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North Dakota's

Federally Listed Endangered, Threatened, and Candidate Species – 1995

Callused Vertigo (Vertigo arthuri)

GIF -- species photo gif--species map

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Status: Former Candidate (Note: As of February 28, 1996, this species is no longer listed as a Candidate species. However, it remains a species of management concern.)

Historical Status:
Arthur Krause collected the first two callused vertigos from river drift on the Little Missouri River near Medora, North Dakota. Originally identified as Vertigo bollesiana Var. arthuri until 1882 when Van Martens renamed the species Vertigo arthuri. The callused vertigo has never been extremely abundant, but localized populations have existed. The species dispersal is restricted because of its physical nature and narrow geographic distribution which is enclosed by the south border of the Northern Province in the eastern U.S. and the endemic Rocky Mountain Province in the west.

Present Status:
Populations of the callused vertigo exist in the Black Hills of South Dakota and Bear Lodge Mountains of Wyoming. The callused vertigo has also been collected sparingly in North Dakota and Minnesota, and in other areas of South Dakota and Wyoming.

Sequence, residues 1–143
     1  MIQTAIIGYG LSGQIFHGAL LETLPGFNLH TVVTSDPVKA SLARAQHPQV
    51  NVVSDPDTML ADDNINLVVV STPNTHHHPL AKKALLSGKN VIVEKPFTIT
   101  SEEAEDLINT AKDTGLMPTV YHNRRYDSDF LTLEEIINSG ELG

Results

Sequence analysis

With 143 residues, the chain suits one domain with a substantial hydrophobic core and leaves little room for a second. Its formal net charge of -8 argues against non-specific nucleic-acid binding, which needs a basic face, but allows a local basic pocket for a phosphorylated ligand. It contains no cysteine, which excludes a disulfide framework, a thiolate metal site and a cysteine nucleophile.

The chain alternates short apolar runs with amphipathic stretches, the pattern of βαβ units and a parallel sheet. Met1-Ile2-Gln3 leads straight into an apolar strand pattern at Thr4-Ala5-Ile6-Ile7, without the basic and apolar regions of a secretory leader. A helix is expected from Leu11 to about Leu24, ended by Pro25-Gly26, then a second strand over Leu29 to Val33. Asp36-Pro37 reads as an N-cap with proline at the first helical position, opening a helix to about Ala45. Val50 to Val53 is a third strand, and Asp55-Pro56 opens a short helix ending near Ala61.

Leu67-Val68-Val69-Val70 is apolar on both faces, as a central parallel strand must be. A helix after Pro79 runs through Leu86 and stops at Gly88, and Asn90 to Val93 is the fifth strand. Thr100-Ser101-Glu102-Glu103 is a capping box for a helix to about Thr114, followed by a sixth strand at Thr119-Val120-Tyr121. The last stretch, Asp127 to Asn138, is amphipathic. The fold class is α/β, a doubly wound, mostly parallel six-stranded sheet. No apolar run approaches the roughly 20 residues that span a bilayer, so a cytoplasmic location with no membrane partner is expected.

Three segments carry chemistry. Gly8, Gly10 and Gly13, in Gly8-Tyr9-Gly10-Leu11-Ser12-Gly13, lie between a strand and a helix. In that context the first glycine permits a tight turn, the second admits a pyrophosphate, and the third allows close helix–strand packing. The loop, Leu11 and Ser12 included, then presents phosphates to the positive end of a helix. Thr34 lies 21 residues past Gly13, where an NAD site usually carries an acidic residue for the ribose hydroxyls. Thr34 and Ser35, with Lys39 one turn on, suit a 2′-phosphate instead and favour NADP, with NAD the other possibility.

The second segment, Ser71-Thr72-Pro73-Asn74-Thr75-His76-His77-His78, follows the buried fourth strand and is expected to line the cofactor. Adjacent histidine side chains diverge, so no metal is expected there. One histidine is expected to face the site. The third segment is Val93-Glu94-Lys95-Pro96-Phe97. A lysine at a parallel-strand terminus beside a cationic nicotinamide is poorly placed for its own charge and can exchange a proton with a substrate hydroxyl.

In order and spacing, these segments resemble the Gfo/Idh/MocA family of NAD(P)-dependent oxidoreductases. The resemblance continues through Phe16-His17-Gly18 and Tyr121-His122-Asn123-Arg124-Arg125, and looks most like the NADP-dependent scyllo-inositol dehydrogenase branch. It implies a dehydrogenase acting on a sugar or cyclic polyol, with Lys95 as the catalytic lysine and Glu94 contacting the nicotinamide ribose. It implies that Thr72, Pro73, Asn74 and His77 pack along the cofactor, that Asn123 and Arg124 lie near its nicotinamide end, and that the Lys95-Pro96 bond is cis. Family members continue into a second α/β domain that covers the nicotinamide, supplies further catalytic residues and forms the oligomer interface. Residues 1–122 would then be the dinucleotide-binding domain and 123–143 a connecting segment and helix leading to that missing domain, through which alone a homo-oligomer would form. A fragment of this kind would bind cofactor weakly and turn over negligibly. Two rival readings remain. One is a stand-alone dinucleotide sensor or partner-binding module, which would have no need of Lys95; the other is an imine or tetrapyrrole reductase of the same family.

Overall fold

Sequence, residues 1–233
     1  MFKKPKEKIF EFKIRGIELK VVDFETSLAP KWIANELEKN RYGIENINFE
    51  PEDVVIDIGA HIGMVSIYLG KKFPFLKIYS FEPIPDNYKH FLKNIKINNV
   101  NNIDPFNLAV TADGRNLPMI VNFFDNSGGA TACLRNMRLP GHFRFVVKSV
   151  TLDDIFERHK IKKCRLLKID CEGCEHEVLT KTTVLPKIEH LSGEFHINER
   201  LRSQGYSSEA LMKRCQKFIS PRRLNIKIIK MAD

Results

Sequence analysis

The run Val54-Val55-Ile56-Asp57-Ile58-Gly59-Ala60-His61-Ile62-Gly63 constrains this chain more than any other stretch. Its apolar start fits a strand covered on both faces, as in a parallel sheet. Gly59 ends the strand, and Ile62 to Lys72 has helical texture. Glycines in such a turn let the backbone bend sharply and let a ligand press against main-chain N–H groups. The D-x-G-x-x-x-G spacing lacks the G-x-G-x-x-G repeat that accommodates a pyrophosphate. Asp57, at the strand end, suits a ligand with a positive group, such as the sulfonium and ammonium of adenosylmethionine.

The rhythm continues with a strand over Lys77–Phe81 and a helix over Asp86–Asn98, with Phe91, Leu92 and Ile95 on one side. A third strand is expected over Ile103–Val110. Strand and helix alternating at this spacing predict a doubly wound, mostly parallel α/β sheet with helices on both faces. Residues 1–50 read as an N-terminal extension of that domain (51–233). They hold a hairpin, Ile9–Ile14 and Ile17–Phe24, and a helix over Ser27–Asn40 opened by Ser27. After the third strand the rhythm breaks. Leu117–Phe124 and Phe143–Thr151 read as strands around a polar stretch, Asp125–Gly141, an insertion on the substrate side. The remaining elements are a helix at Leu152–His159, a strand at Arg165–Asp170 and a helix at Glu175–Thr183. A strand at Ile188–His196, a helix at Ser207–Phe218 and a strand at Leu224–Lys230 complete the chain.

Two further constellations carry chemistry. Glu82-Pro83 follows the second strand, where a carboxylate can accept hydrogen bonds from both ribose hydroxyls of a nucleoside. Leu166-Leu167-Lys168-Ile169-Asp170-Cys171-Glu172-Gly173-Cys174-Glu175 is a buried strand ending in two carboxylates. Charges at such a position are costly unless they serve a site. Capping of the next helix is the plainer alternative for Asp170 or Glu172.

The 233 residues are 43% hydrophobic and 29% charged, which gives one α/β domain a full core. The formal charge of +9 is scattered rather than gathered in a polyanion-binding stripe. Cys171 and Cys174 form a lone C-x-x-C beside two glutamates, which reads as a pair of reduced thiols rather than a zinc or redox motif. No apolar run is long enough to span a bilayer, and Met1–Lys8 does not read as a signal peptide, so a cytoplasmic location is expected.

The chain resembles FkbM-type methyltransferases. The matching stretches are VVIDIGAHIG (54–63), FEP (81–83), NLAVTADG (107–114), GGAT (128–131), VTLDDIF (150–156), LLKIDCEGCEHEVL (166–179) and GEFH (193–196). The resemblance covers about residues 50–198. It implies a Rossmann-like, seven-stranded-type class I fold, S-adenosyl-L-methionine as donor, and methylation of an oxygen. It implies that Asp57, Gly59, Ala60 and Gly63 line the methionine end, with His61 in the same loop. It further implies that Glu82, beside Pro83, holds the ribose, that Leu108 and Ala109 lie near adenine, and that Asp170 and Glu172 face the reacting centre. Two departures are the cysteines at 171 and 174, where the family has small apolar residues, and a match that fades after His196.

The callused vertigo is found in moist, undisturbed forested areas. Callused vertigo prefers habitat comprised of diverse flora with a varied understory and deep litter, positioned on shaded north-facing slopes, normally at the base or extending slightly onto the adjacent floodplain. The callused vertigo is generally found on limestone or schist substrate. The species occurs most frequently in sites with high mollusc diversity.

Life History:
Little information is known about the callused vertigo's specific reproductive process and daily and seasonal movements, but it's believed to be similar to related vertigo species. The callused vertigo's feeding habits are cryptic, it feeds on the surfaces of half-decayed leaves.

Aid to identification:
The callused vertigo has a dark orange/brown shell. The shell is cylindric in form with 4 3/4 moderately convex whorls. The callused vertigo has an average length of 1/2 inch, and a diameter of 1/3 inch. The outer lip is very heavily calloused. A small aperture (opening in shell) is somewhat pear shaped.

Reasons for decline:
The callused vertigo is highly sensitive to habitat disturbances and pollution levels. The activities of logging, intensive grazing, and trampling of habitat have been particularly harmful to the species habitat. These activities decrease floral diversity, open the canopy, and increase isolation.

The callused vertigo is a land snail.

How to Know the Eastern Land Snails, by J. B. Burch, 1962. Published by WM. C. Brown Company Publishers, Dubuque, Iowa. Land Snail Survey of the Black Hills National Forest, South Dakota and Wyoming. by T.J. Frest and E.J. Johannes, 1993. Final report to the U.S. Forest Service, Black Hills National Forest, and the U.S. Fish and Wildlife Service, South Dakota State Office.

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